Green Scene: Garden represents community, NIU partnership

A groundbreaking ceremony was held on May 8 to mark the beginning of construction of the NIU Communiversity Gardens. This partnership with Northern Illinois University and the DeKalb County Community Gardens (DCCG) will stress the importance of locally grown food and be an educational tool for the community.

Dan Kenney, director of DCCG, pointed out that the 22,000-square-foot garden on the east side of Anderson Hall is appropriately located near a bridge over the Kishwaukee River. It is symbolic of bridging the university with the community of DeKalb.

Speakers at the ceremony included DeKalb Mayor John Rey and NIU President Doug Baker.

“I think growing to nearly 40 community gardens this year, countywide, represents the impact that the community gardens are having on our local sustainable initiative,” Rey said.

“This project got a little wind in its sails in the Bold Futures workshop this fall. A lot of people talked about it at that time, and said let’s quit talking about it, let’s go. And so here we are today, isn’t that great?” Baker said.

“This is a part of a F.O.O.D.S. [Food Operations, Opportunities, Development, and Strategies] initiative that will look at composting and [creating] a food hub,” said Melissa Burlingame, Outreach & Communications Coordinator for Environmental Studies at the university.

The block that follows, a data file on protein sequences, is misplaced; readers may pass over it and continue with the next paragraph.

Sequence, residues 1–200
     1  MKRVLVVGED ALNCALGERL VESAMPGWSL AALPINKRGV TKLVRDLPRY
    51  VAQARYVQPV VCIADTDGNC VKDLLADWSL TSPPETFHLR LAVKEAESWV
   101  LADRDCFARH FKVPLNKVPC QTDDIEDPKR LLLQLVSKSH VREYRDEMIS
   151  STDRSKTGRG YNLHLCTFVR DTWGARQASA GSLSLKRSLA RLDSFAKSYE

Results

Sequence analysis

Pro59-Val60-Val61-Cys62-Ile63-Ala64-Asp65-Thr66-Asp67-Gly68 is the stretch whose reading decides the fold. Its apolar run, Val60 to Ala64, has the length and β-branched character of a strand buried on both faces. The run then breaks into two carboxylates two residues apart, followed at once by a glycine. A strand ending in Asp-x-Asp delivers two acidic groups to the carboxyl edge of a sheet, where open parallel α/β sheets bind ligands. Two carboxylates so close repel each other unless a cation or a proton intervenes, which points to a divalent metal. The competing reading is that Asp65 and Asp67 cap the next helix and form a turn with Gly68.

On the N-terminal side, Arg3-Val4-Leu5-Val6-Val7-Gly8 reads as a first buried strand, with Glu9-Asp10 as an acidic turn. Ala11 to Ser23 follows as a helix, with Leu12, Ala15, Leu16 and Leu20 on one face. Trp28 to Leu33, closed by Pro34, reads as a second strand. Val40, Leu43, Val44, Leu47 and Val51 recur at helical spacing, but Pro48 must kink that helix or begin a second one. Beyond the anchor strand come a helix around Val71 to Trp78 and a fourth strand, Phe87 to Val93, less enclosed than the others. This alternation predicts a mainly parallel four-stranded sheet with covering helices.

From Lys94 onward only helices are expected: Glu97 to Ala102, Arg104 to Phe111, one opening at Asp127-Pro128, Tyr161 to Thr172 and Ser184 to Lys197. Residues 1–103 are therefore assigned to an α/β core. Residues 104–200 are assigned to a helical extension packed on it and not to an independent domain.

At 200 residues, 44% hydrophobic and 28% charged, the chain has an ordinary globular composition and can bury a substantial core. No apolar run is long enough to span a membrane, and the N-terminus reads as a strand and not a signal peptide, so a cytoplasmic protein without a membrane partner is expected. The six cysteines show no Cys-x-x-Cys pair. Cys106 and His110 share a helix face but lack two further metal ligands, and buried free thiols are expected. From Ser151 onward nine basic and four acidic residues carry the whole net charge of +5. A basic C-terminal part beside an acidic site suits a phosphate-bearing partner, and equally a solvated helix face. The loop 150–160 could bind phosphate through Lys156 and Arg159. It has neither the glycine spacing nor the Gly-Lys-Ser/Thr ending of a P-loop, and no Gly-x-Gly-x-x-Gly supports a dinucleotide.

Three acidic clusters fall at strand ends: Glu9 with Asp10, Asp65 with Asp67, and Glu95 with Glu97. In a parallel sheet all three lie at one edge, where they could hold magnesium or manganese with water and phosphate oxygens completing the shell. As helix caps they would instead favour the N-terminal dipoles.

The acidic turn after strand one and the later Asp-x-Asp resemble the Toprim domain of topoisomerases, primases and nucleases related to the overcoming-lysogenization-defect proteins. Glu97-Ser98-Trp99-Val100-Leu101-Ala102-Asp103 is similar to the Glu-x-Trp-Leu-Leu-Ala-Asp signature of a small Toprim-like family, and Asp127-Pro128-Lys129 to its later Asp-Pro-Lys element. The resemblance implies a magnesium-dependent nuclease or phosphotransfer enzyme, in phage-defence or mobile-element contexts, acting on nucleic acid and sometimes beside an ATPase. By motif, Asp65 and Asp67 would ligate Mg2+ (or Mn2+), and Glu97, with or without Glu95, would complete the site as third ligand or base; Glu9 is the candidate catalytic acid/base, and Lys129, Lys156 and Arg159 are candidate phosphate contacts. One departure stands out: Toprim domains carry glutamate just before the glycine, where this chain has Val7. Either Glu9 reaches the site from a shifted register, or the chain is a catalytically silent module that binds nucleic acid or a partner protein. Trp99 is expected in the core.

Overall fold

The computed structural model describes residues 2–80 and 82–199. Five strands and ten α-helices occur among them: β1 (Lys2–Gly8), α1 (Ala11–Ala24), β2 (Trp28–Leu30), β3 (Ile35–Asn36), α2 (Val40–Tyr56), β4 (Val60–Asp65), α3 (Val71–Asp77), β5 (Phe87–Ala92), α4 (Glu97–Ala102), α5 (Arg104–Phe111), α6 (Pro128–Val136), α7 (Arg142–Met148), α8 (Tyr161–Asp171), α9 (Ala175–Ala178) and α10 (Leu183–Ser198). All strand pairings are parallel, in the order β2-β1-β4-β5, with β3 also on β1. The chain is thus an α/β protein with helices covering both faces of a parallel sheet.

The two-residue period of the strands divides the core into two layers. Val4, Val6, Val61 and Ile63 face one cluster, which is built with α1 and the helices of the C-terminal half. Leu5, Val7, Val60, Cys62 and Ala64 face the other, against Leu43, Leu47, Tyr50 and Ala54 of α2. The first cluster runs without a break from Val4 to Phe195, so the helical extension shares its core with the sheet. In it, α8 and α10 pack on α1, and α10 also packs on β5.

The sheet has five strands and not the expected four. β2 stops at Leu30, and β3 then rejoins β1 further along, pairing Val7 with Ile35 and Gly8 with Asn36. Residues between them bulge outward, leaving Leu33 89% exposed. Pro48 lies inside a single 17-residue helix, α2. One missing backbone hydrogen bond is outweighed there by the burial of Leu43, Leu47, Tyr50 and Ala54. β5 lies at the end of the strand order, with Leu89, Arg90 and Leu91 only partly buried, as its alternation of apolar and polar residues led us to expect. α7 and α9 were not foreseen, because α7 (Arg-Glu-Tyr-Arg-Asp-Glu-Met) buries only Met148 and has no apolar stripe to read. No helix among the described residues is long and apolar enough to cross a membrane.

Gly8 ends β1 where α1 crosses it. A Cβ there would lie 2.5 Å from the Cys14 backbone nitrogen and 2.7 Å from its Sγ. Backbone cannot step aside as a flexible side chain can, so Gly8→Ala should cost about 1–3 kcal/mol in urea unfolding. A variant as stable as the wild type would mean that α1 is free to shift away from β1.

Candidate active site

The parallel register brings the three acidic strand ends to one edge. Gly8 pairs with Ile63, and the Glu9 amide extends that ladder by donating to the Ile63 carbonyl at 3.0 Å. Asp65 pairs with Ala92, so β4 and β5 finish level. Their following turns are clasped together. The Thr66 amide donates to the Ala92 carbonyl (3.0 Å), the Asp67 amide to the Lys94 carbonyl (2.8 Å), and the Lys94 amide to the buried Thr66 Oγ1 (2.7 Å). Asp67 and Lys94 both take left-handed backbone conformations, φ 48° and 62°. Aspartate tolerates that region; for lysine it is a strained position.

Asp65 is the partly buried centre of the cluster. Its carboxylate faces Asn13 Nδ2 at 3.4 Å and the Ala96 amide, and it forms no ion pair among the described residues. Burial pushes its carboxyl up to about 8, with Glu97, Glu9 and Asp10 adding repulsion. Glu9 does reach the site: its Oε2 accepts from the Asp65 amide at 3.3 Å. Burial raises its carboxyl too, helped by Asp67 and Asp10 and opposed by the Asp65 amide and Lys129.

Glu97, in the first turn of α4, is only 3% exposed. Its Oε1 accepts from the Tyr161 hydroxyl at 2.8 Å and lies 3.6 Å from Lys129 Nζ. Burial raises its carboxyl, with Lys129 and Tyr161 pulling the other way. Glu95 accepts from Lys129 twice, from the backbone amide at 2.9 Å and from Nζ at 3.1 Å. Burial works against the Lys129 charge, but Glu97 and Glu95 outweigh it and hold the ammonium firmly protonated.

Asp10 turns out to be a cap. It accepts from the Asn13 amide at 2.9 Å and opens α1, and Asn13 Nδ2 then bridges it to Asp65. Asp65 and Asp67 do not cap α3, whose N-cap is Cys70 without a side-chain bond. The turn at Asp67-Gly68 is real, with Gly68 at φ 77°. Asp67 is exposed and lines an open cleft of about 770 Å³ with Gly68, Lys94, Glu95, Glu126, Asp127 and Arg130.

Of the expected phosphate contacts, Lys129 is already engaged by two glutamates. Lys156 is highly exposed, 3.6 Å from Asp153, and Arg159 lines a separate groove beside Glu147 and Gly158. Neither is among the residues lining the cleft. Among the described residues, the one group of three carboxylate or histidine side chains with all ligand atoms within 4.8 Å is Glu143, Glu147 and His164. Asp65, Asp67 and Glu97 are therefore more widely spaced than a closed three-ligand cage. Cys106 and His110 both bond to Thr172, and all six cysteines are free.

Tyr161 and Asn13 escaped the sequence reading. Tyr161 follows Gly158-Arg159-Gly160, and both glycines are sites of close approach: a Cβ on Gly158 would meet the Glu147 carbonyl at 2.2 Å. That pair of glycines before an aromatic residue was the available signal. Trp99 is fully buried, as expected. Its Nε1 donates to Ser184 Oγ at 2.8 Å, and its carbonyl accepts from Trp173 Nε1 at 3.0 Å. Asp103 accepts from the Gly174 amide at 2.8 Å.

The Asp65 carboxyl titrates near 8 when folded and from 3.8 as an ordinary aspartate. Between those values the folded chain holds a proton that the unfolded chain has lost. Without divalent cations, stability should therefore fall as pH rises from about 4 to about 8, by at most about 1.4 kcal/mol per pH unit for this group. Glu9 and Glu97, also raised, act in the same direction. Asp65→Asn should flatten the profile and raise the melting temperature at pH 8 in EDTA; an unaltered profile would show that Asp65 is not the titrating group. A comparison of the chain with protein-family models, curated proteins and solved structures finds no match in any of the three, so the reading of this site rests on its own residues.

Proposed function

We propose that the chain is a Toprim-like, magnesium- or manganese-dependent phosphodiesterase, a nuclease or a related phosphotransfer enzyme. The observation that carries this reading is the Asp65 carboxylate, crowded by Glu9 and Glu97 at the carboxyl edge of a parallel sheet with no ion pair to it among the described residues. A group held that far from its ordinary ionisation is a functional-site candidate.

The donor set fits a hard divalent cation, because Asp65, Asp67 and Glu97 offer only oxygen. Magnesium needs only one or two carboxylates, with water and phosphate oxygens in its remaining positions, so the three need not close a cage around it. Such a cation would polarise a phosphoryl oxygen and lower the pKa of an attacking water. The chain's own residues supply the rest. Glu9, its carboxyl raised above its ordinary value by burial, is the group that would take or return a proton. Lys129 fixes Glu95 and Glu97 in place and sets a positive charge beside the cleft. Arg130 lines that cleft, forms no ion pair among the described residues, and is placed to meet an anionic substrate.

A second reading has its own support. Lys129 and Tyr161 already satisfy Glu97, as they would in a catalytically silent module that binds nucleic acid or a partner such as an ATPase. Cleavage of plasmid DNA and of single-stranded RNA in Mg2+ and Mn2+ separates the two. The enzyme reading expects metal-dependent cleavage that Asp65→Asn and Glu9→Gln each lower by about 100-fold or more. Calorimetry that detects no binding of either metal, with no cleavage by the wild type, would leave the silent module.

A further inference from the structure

The garden will be completed in several phases, beginning with the International garden, which represents the diversity of the students at NIU.

“The international garden is divided into four quarters,” garden designer Michaela Holtz said. “Each quarter will contain vegetable plants from their continent of origin. The quarters will represent the Americas, Europe, Asia and Australia, and Africa.”

Other phases will include a wild edible garden, a children’s garden, a wheelchair-accessible garden, an urban container garden, medicinal garden, herb garden and an heirloom vegetables section.

“This isn’t just our project, it is your project as well. It’s the community’s project,” said Jacob Lawrence, president of the Communiversity Gardens student group. “This is a dream come true, personally.”

The student group began working with Dan Kenney and DCCG in January of this year.

“Dan did all the coordinating and signing of the contract with NIU. DCCG is a very important partner,” Lawrence said.

Master gardeners Heath Johnson and Nathan Dettman invited all attendees to plant an onion bulb in honor of the inauguration of the Communiversity gardens.

For more information and to volunteer or donate, visit

Green Scene is written by Renee Kopulos and Linda Yates, members of a citizens group working with the City of DeKalb Citizens Environmental Commission. Contact them at, with “Green Scene” in the subject line.

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